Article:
FATHER ALBERT BRAUN SO LOVED the Mescalero Apache people that he dedicated decades of his life to creating a Romanesque church with rock walls that soar as high as 90 feet. The cornerstone was laid in 1920, with work completed in spurts as money and labor became available. (It stood roofless during World War II, when Braun served as a chaplain to his fellow New Mexicans imprisoned in the Philippines after the Bataan Death March.)

Inside St. Joseph Apache Mission Church, Braun veered away from an idea popular at the time that Native people should give up their culture and adopt European-American ways. Instead, he melded their traditional ceremonies with Catholic rites. That blend persists today. A gilded image of an Apache Christ backdrops the altar. Every Christmas, a tepee rises near it, and Mescalero girls who have recently completed their ceremonial puberty rites bring the baby Jesus, strapped on a cradleboard, to its nativity scene.   

Twenty-five years ago, Harry Vasile was a priest assigned to St. Joseph, but he soon fell in love with a Mescalero woman. He left his vocation but remained devoted to the local church. It needed him as much as he needed it. Lime-putty mortar between the thousands of locally quarried stones had deteriorated. Rocks fell on parishioners during services. Bats took up roost. “There were places where you could put your hand all the way through the wall,” Vasile says.

In 1997, he and a small crew of supporters undertook what became a 14-year restoration. With funding tight, the church could hire only a few workers at a time, which lent a meditative quality to their task. “We would be up on the scaffolding, throwing mortar into the joints,” Vasile remembers. “Sometimes we would sing, sometimes we were quiet. It was like praying.”

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The tribe lent equipment to haul limestone, and the church purchased a restaurant-grade Hobart mixer to prepare the mortar. Mescalero people held fundraisers, including the sale of roof tiles originally crafted at the nearby La Luz Pottery. “There’s 4,000 people on this land, and they all own this church,” Vasile says. “They may not attend it, but they own it.”

Bennet Martine began attending as a boy in the 1960s and took his first communion there. “As far as I know, they’re about the only church that interacted with the tribe in traditional doings,” he says. “The other churches, they don’t participate in anything like the puberty rites. The Catholic church is always there among the people, dancing with the people, cooking for the feast.”

Father Braun likely was aided in his service by how well Catholic doctrine mixes with the Mescalero cosmos. In the latter, White Painted Woman gives virgin birth to a son who slays a dragon, saving the world. Apache motifs appear in the church’s stained-glass windows, and light fixtures echo elements of the Apache Crown Dancers’ regalia. A retablo of St. Joseph bears a witty homage to the work of the masons who rescued the church: The holy carpenter carries a trowel.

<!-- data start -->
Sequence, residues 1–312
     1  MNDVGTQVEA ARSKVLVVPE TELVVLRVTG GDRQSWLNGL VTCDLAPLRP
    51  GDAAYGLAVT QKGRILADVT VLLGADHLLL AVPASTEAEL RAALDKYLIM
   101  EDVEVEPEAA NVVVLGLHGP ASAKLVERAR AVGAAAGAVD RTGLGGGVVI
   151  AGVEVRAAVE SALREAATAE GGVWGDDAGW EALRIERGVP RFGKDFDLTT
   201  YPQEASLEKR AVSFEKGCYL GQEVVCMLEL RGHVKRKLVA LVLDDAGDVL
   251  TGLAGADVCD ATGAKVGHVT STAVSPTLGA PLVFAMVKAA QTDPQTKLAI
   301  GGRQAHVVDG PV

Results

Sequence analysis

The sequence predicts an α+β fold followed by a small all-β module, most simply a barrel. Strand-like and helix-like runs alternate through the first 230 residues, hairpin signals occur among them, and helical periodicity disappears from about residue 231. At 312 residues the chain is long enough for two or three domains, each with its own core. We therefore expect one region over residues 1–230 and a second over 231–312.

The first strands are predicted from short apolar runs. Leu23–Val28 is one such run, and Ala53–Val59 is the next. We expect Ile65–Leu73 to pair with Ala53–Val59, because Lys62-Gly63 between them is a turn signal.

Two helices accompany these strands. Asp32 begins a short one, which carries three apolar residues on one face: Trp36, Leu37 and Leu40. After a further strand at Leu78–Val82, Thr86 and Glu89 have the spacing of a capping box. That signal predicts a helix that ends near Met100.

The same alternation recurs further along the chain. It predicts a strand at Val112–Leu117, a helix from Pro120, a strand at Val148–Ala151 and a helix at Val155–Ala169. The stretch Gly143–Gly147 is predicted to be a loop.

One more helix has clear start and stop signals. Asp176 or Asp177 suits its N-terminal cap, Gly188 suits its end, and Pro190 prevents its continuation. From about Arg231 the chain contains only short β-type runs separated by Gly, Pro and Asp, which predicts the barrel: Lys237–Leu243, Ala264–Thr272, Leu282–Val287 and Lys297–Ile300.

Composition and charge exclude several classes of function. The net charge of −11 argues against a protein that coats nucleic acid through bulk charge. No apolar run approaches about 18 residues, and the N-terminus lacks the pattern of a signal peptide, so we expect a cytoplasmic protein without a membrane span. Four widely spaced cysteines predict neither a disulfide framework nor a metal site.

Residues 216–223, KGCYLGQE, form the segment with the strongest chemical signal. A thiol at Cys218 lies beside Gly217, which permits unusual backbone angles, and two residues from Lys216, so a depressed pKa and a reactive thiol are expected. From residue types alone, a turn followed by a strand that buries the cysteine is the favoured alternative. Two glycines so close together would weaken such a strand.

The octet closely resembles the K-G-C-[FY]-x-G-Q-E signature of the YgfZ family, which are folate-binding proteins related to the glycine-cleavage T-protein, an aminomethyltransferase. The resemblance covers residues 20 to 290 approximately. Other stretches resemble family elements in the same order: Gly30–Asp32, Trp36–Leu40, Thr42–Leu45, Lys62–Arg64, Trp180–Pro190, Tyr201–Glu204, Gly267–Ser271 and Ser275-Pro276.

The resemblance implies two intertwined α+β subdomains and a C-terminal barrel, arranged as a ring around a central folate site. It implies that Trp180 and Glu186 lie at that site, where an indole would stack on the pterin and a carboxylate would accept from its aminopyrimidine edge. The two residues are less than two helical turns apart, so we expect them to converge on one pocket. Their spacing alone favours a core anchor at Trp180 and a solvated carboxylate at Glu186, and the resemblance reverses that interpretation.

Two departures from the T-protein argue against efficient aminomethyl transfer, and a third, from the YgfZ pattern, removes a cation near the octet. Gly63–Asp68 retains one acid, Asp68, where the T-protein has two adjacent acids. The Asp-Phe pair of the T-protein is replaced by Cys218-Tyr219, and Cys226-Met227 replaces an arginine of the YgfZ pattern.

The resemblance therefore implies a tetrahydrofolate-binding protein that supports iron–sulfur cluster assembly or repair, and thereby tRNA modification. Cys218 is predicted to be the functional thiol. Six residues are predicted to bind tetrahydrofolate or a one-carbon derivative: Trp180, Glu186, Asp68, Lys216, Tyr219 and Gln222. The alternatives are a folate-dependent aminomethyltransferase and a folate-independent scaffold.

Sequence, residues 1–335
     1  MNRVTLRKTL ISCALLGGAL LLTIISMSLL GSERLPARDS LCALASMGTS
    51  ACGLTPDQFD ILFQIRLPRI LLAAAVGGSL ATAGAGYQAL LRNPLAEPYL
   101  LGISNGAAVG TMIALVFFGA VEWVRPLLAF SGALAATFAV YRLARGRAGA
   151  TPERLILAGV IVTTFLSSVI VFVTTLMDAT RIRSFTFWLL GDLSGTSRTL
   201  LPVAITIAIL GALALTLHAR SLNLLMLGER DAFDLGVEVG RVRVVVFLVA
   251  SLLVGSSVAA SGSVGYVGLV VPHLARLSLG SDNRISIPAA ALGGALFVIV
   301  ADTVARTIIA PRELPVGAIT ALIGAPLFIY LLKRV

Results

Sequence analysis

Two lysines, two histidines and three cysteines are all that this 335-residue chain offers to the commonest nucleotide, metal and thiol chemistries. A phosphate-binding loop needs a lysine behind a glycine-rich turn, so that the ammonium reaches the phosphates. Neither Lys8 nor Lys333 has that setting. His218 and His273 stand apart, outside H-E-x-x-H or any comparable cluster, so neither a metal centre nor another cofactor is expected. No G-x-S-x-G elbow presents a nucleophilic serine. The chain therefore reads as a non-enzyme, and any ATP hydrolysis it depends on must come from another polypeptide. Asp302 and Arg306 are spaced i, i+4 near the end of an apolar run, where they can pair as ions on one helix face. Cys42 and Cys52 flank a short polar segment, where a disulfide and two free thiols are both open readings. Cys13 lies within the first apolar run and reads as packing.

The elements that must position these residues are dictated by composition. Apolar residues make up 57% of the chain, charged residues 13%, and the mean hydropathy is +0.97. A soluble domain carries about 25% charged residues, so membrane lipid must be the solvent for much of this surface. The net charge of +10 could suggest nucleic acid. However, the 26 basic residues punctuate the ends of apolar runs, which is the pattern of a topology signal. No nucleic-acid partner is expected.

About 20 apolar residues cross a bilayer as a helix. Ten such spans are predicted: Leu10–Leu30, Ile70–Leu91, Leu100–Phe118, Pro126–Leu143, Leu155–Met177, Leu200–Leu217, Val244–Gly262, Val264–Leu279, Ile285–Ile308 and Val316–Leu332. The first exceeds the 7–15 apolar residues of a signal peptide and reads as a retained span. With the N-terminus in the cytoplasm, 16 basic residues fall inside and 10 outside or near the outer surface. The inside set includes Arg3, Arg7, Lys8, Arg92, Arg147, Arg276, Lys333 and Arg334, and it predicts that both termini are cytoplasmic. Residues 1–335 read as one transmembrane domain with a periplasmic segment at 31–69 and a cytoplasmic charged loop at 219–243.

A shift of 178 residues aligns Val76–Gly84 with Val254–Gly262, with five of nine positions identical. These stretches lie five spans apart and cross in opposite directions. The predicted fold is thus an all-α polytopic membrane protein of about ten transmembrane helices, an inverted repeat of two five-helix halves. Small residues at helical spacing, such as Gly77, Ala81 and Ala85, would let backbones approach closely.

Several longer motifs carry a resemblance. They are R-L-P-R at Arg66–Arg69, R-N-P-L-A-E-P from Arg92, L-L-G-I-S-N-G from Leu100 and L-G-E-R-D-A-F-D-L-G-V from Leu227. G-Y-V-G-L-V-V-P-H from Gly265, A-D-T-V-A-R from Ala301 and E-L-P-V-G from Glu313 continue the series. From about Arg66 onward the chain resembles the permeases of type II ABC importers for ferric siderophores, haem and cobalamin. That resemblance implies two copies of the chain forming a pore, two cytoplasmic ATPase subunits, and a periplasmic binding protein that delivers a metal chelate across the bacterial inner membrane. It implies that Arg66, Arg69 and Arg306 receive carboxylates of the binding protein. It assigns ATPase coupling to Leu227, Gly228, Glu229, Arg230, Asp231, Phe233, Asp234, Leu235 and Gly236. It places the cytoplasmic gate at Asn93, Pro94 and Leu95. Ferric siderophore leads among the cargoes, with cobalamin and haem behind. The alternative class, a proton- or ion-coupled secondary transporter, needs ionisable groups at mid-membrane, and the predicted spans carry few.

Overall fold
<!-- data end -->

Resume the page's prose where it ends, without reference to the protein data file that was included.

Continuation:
Open year-round, the church welcomes visitors, especially during the Christmas Eve service. “Sometimes,” Martine says, “we get all our dancers together and we bless the church. Not just the congregation. It’s everyone in the tribe.”

Read more: At Acoma Pueblo, the celebration of Christ’s birth unites the community.

San Geronimo de Taos Church. Photograph by Alamy/Richard Maschmeyer.


Continue your exploration by visiting these historic churches.

The third time San Geronimo de Taos Church rose on Taos Pueblo, it stayed. Its first iteration was destroyed after the 1680 Pueblo Revolt. The second was bombarded during an 1846 battle over American rule; its eroded walls surround the graves of the Native and Hispano people who had sought shelter within it. The doors of its 1850 replacement today welcome visitors. “It’s one of the oldest churches in New Mexico,” says tribal spokesperson Evan Trujillo. “You can visit it whenever the pueblo is open.” Currently, that’s Thursday through Sunday, 9 a.m. to 4 p.m.

San José Mission, a 1699 treasure of white-plastered stone and adobe, rises 105 feet high on Laguna Pueblo. Inside, a mix of Indigenous and Spanish colonial art draws visitors from throughout the world. A roof leak has temporarily closed it, and parishioners are raising money for repairs, but they hope visits can resume soon. “You walk in and you feel the spirit of the people that built it, our ancestors,” says church secretary Charlene Riley. “It gives you a good feeling knowing your own people built it and it’s still standing and still in use, hopefully for many more years.”

The buttresses of St. Augustine Church help it reign over Isleta Pueblo’s historic plaza. Rebuilt after Spain’s 1692 reconquest, the church mixes the Tiwa language into its services and welcomes visitors to attend a Mass (masks required) and even register as members. “That makes it really special,” says parish secretary Denise Lucero. “It’s real homey. People have been coming here since they built it.” Outside of Mass, the historic village remains closed as a pandemic caution.